Double No-Hit: Johnny Vander Meer's Historic Night under the Lights. By James W. Johnson. (Lincoln, NE: University of Nebraska Press, 2012. Pp. xi, 196. $15.95.)
Article first published online: 13 MAR 2013
© 2013 Phi Alpha Theta
Volume 75, Issue 1, pages 157–158, Spring 2013
How to Cite
Nathanson, M. (2013), Double No-Hit: Johnny Vander Meer's Historic Night under the Lights. By James W. Johnson. (Lincoln, NE: University of Nebraska Press, 2012. Pp. xi, 196. $15.95.). Historian, 75: 157–158. doi: 10.1111/hisn.12004_28
- Issue published online: 13 MAR 2013
- Article first published online: 13 MAR 2013
There are few areas of modern American historical research more deceptively difficult than baseball. On the surface it appears laughably easy—no sport and few other cultural events have been covered more thoroughly than America's national pastime, with the stars of the game followed by a seemingly endless trail of newspaper clippings documenting their exploits from high school through their retirement as professionals. As such, there seemingly is no end to the amount of primary source material for the baseball biographer. However, the nature of the source material—newspaper accounts—renders the information emanating from it questionable at best in many cases.
This is particularly true when it comes to the sports pages, which, prior to the 1960s, engaged in boosterism and fawning accounts of local heroes oftentimes at the expense of the facts. Even after the “gee whiz” days of sports reporting ended, newspaper accounts remained (and remain) problematic for the historian because although few primary sources do a better job of re-creating the mood of the time, they are far less successful, given the immediacy between the event covered and the reporting of it, in parceling out the facts and putting them in their proper perspective.
Regardless, many baseball historians rely upon them faithfully, prizing their status as “primary” sources over the reality that they oftentimes do a poor job of conveying the sort of information they promise to provide. Consequently, many baseball biographies suffer, unwittingly, from the same maladies as their sources despite having the advantages of time and perspective. James W. Johnson's account of Johnny Vander Meer's historic 1938 no-hitter against the Brooklyn Dodgers is no exception.
Relying upon contemporary newspaper accounts as well as secondary sources that themselves rely on newspaper accounts, Johnson does an admirable job of re-creating the mood in the stands at Ebbets Field on the evening of 15 June 1938—the date of not only the second of Vander Meer's consecutive no-hitters but the first night game ever played at the stadium as well. As the author recounts the historic event (one not accomplished before or since and which rendered Vander Meer a household name despite his otherwise ordinary career) inning-by-inning, he smartly uses each frame as a reference point for digressions into Vander Meer's background, his development as a pitcher, and the development of night baseball, among other topics. The author provides many interesting “factoids” (for example, in order to take full advantage of the newly installed lights, Vander Meer's second no-hitter did not get underway until 9:23 p.m.).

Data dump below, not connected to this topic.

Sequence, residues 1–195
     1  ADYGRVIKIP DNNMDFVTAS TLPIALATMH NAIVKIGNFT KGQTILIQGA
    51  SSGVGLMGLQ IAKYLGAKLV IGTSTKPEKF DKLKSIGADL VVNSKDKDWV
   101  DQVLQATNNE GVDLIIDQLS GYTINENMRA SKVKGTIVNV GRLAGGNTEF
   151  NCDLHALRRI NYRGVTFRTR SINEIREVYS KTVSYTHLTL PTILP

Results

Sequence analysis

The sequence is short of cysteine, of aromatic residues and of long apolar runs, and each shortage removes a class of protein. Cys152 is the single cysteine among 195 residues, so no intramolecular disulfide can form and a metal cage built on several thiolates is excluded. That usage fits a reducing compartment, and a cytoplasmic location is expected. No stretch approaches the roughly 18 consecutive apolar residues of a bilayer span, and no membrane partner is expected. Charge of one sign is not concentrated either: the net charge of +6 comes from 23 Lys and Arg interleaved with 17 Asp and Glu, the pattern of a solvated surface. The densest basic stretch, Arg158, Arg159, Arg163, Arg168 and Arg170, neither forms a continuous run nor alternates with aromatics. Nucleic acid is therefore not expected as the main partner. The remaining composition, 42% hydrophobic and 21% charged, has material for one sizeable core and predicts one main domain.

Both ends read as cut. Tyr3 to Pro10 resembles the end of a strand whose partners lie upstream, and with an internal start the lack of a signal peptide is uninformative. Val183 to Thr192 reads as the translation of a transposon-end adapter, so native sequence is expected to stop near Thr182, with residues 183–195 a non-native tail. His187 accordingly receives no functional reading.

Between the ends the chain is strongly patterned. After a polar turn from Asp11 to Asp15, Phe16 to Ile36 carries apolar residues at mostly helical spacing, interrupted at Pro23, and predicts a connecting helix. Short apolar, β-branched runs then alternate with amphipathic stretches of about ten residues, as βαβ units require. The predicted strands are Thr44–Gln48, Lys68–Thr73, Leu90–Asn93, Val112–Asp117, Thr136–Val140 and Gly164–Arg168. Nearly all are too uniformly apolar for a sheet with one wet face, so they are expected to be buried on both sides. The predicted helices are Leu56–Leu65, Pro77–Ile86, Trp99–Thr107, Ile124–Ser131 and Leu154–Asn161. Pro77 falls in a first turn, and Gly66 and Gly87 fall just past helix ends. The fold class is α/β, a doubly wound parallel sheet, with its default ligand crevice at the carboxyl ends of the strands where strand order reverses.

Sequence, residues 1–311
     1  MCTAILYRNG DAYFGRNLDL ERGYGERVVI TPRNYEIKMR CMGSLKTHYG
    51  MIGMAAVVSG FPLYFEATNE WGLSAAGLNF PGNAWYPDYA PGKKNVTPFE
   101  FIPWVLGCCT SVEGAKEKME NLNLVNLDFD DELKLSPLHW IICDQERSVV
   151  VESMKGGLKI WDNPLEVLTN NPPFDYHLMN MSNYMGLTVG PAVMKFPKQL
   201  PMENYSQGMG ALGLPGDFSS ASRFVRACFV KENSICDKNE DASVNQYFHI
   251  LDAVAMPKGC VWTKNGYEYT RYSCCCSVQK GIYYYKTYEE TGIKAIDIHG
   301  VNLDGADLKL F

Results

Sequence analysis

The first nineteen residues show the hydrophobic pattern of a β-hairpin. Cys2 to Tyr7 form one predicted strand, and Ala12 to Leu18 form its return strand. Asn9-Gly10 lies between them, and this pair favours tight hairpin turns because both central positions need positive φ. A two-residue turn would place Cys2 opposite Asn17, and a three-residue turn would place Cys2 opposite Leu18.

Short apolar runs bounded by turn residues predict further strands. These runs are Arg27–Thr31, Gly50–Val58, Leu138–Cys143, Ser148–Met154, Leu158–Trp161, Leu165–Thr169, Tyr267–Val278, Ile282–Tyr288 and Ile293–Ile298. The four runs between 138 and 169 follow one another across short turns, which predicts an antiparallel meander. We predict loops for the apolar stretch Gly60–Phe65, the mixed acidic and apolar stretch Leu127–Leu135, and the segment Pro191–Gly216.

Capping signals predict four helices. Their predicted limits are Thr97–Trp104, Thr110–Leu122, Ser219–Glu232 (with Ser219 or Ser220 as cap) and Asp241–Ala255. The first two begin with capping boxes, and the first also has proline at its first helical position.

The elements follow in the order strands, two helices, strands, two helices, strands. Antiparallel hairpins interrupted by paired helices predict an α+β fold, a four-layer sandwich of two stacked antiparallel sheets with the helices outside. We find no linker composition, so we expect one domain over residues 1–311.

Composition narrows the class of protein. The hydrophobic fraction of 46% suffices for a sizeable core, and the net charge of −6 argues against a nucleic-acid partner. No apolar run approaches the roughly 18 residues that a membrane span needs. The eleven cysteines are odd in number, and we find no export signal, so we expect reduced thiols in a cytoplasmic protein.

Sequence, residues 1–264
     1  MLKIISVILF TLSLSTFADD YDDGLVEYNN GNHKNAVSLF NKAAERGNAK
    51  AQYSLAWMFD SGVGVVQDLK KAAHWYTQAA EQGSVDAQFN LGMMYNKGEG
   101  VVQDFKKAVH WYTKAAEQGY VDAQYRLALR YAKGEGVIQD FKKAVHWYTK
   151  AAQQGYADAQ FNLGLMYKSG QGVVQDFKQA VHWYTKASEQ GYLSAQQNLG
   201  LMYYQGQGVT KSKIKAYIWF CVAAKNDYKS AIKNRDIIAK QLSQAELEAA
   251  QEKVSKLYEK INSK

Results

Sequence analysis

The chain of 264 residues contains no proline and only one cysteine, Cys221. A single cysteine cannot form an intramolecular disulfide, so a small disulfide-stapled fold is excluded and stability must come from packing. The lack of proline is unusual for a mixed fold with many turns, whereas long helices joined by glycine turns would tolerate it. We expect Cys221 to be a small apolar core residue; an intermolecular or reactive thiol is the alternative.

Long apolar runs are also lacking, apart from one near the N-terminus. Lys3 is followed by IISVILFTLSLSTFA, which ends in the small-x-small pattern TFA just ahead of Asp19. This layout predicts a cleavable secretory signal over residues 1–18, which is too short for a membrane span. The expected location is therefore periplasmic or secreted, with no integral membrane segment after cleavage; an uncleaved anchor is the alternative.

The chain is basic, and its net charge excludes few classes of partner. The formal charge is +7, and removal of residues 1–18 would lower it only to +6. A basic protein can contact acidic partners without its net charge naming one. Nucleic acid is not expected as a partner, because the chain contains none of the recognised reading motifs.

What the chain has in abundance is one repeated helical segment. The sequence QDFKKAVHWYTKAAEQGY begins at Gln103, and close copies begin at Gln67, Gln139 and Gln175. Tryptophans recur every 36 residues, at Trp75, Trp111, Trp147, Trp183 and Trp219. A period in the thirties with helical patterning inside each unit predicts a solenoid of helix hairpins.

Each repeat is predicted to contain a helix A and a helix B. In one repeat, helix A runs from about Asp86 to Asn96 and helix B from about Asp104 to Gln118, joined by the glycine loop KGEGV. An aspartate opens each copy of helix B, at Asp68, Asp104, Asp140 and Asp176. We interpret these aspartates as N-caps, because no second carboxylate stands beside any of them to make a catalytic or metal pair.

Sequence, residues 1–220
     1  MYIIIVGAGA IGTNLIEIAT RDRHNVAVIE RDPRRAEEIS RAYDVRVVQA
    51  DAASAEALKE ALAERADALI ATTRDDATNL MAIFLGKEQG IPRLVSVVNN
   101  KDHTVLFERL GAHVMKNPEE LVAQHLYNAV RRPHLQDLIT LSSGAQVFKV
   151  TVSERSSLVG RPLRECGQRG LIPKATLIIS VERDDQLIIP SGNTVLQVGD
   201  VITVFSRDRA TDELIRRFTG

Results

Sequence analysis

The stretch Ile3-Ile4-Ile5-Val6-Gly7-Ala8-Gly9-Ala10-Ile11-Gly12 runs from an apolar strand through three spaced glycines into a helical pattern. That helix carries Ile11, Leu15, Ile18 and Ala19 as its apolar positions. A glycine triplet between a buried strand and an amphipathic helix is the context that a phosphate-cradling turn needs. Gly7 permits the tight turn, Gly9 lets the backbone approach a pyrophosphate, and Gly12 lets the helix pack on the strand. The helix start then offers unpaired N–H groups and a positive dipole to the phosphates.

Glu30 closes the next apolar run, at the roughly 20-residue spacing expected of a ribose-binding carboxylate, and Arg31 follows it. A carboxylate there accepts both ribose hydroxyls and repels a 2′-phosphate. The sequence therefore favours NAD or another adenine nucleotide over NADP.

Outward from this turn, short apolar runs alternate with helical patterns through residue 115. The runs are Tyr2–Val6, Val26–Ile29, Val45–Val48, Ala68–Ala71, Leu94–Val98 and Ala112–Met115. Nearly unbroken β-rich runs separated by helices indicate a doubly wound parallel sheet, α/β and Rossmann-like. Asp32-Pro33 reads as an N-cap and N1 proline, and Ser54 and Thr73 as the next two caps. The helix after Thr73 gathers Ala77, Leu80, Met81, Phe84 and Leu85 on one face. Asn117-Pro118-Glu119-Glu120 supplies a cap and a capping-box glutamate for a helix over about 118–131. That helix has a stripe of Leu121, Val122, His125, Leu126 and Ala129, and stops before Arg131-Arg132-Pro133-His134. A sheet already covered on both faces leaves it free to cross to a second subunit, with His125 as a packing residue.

Unfortunately, Johnson's reliance on newspaper accounts causes the arc of his biography to read like a succession of newspaper clippings in that while Vander Meer's career is ascending, he is portrayed only positively. When he struggles later on, the tone switches, and, for the first time, the reader learns that Vander Meer's relationship with his teammates was complicated at best—some believed him to be a “cheapskate” while others resented him for other perceived slights. A more nuanced biography would have recognized the clues in the later newspaper accounts and dug deeper in an attempt to flesh out more fully the truth behind the pablum of the earlier stories.
Regardless, as baseball histories go, this one is a long single or, perhaps, even a double. In order to round the bases, however, more and deeper analysis beyond the headlines was required.